Collagen, the stuff of ligaments and skin, and the most abundant protein in the human body, has an extraordinary role in triggering chemical signals that help protect the body from cancer, a new study reveals.
Scientists at The Institute of Cancer Research, London, have uncovered a series of chemical signals sent out by collagen that appear to protect against cancer’s growth.
Boosting those signals could act as an effective treatment for cancers that grow in the presence of collagen, including squamous cell lung cancer, for which no targeted treatments currently exist.
The findings, published today in the Biochemical Journal, suggest that switching off these chemical signals, as some treatments for leukaemia do, is likely to be counter-productive in cancers where interaction with collagen plays an important role.
The study was funded by The Institute of Cancer Research (ICR), the Wellcome Trust and the Biotechnology and Biological Sciences Research Council (BBSRC).
The ICR team explored the role of signals triggered by collagen in human embryonic kidney cells, a type of cell often used in studies of this type. They analysed the role of a molecule called DDR2, which relays signals from collagen as a means of maintaining tissue structure and function, and is mutated in some forms of squamous cell lung cancer.
They treated cells with collagen, and found that DDR2 responded by activating a second protein called SHP-2, in a process that appears to be important in protecting against the growth of some cancers.
But a specific mutant form of DDR2 present in some squamous cell lung cancers seemed unable to signal through SHP-2, suggesting the loss of function had left the tissue vulnerable to cancer growth.
That finding offers an exciting opportunity to design the first targeted treatments for squamous cell lung cancer, perhaps by mimicking the action of SHP-2 to re-erect the normal controls against cancer’s growth in the presence of collagen.
Dr Paul Huang, Team Leader in Protein Networks at The Institute of Cancer Research, said: “We knew collagen was capable of slowing the growth of some cancer types, presumably by maintaining the structure of tissues, but our new study for the first time identifies how this effect occurs in lung cancer.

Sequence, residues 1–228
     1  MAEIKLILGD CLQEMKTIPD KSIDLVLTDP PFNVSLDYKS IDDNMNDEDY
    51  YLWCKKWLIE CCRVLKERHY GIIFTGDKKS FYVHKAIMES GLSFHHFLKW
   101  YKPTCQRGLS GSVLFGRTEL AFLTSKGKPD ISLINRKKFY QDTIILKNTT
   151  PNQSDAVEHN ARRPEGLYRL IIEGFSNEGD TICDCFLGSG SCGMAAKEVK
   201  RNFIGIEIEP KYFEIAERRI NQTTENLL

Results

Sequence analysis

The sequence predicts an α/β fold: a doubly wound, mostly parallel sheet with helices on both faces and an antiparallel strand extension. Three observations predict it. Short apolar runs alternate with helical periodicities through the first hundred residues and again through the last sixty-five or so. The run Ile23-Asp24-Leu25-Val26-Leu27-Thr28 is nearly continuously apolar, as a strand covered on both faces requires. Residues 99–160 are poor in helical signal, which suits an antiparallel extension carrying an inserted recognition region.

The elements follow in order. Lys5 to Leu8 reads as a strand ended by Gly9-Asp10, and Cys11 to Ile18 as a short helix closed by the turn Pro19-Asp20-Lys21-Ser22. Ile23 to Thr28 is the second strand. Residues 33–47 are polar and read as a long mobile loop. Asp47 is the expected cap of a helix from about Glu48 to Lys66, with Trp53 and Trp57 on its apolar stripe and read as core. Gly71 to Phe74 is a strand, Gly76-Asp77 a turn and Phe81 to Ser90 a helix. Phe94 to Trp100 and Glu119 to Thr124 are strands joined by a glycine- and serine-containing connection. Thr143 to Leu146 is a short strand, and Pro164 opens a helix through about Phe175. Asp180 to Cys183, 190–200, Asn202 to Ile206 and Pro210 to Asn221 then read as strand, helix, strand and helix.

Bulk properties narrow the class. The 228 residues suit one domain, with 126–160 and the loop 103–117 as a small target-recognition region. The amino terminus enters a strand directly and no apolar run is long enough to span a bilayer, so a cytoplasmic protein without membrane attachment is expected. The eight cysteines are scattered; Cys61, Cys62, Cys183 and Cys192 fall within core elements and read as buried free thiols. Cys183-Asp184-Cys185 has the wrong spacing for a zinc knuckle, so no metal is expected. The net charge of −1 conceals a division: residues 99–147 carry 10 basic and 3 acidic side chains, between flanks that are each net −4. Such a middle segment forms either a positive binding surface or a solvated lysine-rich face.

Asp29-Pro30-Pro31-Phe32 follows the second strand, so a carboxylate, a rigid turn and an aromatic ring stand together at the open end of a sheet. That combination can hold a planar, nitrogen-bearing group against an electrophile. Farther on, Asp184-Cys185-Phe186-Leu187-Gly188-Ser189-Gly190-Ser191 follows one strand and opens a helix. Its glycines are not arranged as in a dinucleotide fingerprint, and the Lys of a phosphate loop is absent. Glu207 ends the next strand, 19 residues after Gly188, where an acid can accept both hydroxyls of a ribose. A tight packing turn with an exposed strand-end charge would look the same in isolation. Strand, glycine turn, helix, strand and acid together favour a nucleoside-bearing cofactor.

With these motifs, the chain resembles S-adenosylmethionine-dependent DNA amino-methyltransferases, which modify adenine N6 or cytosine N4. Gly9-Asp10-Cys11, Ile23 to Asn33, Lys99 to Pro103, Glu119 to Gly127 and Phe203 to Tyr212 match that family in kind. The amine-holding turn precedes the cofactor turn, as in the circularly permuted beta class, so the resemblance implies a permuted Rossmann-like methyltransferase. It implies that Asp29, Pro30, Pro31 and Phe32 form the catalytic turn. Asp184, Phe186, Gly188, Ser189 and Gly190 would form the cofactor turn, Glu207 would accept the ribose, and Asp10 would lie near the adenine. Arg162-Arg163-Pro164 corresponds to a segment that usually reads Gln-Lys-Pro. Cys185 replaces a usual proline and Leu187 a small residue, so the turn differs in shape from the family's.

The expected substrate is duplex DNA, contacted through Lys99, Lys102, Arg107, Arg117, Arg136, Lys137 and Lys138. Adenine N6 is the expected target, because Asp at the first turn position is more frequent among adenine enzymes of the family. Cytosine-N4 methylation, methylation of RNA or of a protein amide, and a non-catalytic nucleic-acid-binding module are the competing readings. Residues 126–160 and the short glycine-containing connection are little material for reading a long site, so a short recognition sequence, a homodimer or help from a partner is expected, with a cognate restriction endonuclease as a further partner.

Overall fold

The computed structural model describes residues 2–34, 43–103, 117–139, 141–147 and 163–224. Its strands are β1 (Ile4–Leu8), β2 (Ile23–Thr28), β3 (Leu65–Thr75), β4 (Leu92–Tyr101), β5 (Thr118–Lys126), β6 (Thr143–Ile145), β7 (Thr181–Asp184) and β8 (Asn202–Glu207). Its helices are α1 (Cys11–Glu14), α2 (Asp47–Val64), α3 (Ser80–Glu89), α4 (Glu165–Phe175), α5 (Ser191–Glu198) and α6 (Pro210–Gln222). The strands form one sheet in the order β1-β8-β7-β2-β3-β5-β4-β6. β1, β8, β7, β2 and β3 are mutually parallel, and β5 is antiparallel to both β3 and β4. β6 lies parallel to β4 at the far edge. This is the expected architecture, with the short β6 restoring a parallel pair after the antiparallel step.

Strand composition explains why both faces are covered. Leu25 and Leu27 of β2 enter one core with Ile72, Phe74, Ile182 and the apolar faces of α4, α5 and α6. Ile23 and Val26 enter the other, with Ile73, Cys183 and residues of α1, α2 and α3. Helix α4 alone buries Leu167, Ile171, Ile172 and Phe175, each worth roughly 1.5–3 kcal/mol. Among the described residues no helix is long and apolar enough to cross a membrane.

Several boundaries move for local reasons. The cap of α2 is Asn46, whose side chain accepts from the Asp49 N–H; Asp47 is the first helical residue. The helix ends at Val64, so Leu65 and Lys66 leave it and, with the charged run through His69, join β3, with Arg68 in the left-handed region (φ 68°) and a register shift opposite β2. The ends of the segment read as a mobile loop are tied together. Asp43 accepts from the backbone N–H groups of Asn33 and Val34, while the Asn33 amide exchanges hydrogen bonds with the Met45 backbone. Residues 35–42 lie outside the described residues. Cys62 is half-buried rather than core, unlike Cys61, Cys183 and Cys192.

“We sifted through data on 428 different proteins stimulated by collagen, and isolated just one we think can play a key role in protecting tissues from cancer. Identifying this molecular trigger opens up the prospect of targeted treatments for squamous cell lung cancer.
“Importantly, we also highlighted the duplicitous nature of this important signalling network. Although we know it directs a lot of cellular processes that can contribute to cancer – such as differentiation, proliferation and motility – in the presence of collagen, it actually seems to protect against cancer. That means we will need to treat cancers that develop in collagen-rich environments differently to blood cancers such as leukaemia.”
Professor Alan Ashworth, Chief Executive of The Institute of Cancer Research, said: “Survival rates for lung cancer remain extremely poor, and one of the ways to improve this is to discover new ways of targeting the disease with drugs. This new study is valuable for two reasons – it identifies an exciting new potential route for treating lung cancers, and it also shows us why some other approaches are unlikely to work.
“Scientifically, these results are very interesting as they demonstrate how one of the most common proteins in the human body plays a role not only in building the structure of tissues but also in cancer.”